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Friday, June 22, 2012

Bloggers as Legitimate Journalists

As a veteran blogger, about ten years of blogging under my belt, I've seen the profession/hobby evolve from "What's that?" to getting accepted as a conventional journalist at events like the recent President's Conference.

Of course, there are bloggers and there are bloggers. 
  • Some bloggers have mostly inactive blogs or concentrate on subject matter that only interest their nearest and dearest at the most.
  • Some blogs are like very serous news sites.
  • Some blogs are "commercial" to promote a business.
  • Some bloggers, like myself, run more than one blog, because I write about too wide a variety of subjects to have them all on one "site."  If I had known how my blogging would have evolved, I could have started my very own internet magazine.
  • Some bloggers just blog on the larger more conventional media.  Almost all newspapers which are now online, besides paper/hardcopy, have blogs in their internet version.
Around seven years ago or more, I was given journalist seats on Nefesh B'Nefesh immigrant plane rides to Israel.  The public relations firm that worked with them just requested that I also get some regular media to promise to publish my reports, not only my blogs.  Yes, the same PR firm worked on the Presidents Conference. 

Not only did we have the same color-coded name tags as the conventional press, but a few special events were organized for us including meeting President Shimon Peres during which he answered a lot of questions from bloggers.


I managed to get to all but one of the special sessions.  On Wednesday we got to meet the Editor of Tablet who said that she would never expect writers to write for nothing, very rare in today's world.

And on Thursday we met the notorious  Peter Beinart f2f when he did his best to charm the bloggers who mostly disagreed with his published opinions.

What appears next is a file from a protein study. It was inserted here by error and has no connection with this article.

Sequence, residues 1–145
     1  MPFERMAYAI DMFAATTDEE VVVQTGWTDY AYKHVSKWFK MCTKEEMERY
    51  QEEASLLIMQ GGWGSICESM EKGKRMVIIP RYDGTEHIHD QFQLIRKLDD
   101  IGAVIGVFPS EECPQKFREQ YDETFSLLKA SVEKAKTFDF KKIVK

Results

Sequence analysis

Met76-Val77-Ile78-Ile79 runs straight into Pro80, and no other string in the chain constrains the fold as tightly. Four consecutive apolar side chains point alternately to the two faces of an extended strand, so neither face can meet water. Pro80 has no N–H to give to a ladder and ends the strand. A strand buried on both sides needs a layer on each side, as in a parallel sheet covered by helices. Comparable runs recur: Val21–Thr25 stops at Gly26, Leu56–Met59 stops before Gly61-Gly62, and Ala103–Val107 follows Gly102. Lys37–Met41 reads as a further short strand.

For many of us bloggers, it was a great opportunity to get together as professionals and to forge face-to-face relationships.  We do take ourselves and our writing very seriously.  Not all bloggers were able to take off much time to attend the convention, mostly fitting it into our workday, even if that meant working at the convention itself via computer/internet in the Press Room. 

Blogging may not offer much in financial benefits, but we do offer the world professional services, and it's nice to be appreciated.

7 comments:

Pragmatician said...

I'm really glad to read this, active (good) bloggers should get some recognition for their efforts.

Esser Agaroth said...

So, what I'd to know is if anyone had the courage to ask Prez Peres how he gets away with being political in a symbolic and a-political role, when his predecessors would have been castigated for doing the same.

Batya said...

thanks, prag
EA, honestly, I got in after it started and never got called. Most people were so worshipful I wished I had brought a barf bag. There were no tough questions and he would have slid around them. Re: the Pollard queston. He needed to be asked why he as the PM of the time couldn't see that he's involved and must do a "Yehuda."

Esser Agaroth said...

Rafi claims there were some tough questions. But, I'm sure that I couldn't have had enough barf bags.

That guy who arranged the candy distribution to Arabs at the Malha Mall was there, too. (gag)

Batya said...

EA, there weren't any tough questions from what I heard. And Peres is pro enough to get around them, like Beinart did to mine.

Esser Agaroth said...

Sneaky,... Dare I say slimy?

Batya said...

EA, slick and professional. He had his prepared answers which he gave to whatever questions he could get away with.